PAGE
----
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What are Allowable Living Expenses?

July 14, 2015

Allowable living expenses are those such as food, clothing, transportation, shelter, basic personal care, etc. When a taxpayer has a tax debt, the IRS cannot forcibly collect back taxes from them if it compromises their allowable living expenses. Subsequently, the IRS must leave the taxpayer enough money to continue to pay for basic necessities.

To determine a taxpayer’s allowable living expenses, the IRS uses the National Standards chart. Taxpayers can determine their allowable living expenses using the table below:


One Person

Two Persons

Three Persons

Four Persons






Housekeeping supplies





Apparel & services





Personal care products & services















More than four persons

Additional Persons Amount

For each additional person, add to four-person total allowance:


Source: IRS

There are National Standards for:

Food, clothing, and other items – These include the five necessary expenses for food, housekeeping supplies, apparel and services, personal care products and services, and miscellaneous expenses. The standards are taken from the Bureau of Labor Statistics Consumer Expenditure Survey, which studies buying habits, income and household characteristics across the country.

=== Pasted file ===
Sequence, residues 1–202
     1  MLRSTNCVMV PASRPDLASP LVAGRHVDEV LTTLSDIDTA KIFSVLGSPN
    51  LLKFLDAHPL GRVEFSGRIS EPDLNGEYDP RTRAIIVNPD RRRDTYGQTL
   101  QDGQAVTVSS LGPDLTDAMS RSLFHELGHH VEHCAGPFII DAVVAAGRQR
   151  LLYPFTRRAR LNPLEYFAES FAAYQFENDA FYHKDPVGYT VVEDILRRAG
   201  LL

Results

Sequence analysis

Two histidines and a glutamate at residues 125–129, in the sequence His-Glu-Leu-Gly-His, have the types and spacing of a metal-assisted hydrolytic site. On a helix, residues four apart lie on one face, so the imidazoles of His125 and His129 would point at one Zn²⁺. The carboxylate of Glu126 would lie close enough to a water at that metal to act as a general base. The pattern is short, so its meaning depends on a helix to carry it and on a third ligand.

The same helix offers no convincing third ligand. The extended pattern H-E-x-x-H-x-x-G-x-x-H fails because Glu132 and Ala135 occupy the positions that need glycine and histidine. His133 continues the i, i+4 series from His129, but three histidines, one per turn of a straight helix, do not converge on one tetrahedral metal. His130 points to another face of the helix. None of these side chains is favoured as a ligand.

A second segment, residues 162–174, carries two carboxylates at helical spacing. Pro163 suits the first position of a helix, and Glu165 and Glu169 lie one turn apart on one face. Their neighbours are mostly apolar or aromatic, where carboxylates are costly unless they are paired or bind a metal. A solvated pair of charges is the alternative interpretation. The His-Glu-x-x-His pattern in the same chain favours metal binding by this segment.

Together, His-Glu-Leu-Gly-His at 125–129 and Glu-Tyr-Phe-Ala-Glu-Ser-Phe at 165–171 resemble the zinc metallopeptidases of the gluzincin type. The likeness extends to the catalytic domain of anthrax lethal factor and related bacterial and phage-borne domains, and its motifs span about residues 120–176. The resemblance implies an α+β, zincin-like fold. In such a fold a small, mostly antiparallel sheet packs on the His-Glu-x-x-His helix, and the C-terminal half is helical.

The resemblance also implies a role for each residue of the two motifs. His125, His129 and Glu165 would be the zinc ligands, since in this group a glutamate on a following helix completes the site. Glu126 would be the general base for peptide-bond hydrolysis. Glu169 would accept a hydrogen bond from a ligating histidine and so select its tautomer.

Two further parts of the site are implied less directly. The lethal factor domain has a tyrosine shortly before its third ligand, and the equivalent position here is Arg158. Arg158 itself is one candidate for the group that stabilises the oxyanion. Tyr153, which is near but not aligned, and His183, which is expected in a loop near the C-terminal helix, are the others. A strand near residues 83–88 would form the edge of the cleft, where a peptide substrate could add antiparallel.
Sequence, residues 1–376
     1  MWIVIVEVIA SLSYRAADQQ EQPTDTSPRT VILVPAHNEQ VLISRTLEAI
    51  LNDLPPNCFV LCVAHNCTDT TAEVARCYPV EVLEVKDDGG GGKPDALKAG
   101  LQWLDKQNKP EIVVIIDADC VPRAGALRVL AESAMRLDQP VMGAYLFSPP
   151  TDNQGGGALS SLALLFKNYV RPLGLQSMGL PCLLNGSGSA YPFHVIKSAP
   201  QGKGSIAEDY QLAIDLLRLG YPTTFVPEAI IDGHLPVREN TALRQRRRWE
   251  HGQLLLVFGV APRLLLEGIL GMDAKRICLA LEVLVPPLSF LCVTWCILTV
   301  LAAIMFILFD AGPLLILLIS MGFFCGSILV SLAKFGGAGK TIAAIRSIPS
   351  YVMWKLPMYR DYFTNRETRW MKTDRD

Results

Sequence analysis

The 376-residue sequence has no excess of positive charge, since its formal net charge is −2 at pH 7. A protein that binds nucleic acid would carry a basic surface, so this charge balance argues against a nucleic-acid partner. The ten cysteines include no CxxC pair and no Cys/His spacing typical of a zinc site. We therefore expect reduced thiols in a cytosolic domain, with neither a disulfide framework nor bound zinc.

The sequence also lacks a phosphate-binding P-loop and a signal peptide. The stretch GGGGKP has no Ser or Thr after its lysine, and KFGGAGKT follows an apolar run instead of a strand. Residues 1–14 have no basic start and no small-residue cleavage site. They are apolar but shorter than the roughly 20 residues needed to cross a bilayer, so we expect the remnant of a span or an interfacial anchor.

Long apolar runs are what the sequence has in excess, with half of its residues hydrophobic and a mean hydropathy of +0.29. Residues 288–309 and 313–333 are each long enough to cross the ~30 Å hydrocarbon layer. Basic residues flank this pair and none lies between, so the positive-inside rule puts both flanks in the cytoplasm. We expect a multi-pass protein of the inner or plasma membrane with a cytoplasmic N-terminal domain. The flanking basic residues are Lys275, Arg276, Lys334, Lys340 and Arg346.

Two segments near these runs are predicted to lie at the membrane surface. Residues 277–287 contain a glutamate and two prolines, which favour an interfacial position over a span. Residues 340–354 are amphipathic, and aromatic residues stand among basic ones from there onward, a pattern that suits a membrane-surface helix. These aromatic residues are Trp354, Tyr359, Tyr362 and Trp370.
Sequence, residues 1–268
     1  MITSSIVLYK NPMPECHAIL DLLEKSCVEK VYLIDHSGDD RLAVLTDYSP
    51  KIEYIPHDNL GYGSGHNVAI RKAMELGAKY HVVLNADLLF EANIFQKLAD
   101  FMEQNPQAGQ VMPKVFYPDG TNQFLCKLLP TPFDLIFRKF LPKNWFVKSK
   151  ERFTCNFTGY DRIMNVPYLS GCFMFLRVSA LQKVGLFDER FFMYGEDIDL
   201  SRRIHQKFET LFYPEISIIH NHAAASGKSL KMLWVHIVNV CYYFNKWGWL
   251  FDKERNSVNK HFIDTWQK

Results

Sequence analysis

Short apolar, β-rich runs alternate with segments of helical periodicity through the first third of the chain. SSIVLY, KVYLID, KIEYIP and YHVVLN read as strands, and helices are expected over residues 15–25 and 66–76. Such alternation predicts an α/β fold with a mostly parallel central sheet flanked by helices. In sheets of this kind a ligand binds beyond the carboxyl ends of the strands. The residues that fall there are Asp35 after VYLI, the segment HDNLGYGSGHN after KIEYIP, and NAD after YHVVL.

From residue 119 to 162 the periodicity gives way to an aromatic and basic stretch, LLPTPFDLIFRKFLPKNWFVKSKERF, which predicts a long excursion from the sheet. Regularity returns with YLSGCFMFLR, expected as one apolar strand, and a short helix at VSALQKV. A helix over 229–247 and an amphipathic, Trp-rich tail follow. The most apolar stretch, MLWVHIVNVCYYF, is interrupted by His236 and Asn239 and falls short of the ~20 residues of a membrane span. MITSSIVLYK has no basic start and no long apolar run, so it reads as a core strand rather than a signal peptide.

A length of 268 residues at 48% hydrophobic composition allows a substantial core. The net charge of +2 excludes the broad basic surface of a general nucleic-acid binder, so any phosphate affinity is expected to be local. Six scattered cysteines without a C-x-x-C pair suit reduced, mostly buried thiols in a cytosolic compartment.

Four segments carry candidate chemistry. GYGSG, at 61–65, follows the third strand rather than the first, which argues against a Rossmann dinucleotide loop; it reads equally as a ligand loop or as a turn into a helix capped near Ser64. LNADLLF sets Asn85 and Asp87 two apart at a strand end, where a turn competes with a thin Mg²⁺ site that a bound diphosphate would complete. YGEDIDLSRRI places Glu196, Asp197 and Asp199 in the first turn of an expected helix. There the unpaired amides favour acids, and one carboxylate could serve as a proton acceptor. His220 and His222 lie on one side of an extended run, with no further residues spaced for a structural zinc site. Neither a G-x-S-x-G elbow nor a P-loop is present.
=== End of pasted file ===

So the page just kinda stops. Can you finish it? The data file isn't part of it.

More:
Out-of-Pocket Health Care Expenses – These include expenses on medical services, prescription drugs, and medical supplies. The health care allowances are based on Medical Expenditure Panel Survey data. Out-of-pocket health care expenses can be included in allowable living expenses, in addition to the amount taxpayers spend on health insurance.

Housing and UtilitiesDerived from the U.S. Census Bureau, American Community Survey, and BLS data, Housing and Utilities, standards include mortgage or rent, property taxes, interest, insurance, maintenance, repairs, gas, electric, water, heating oil, garbage collection, residential telephone service, cell phone service, cable television, and internet service.

Transportation – The operating costs of a vehicle include maintenance, repairs, insurance, fuel, registration, inspections, parking, and tolls. The ownership costs provide maximum allowances for the lease or purchase of up to two automobiles, if it is seen as a necessary expense. Usually, a single taxpayer is allowed one automobile. The taxpayer can claim the amount actually spent, or the standard, whichever is less.


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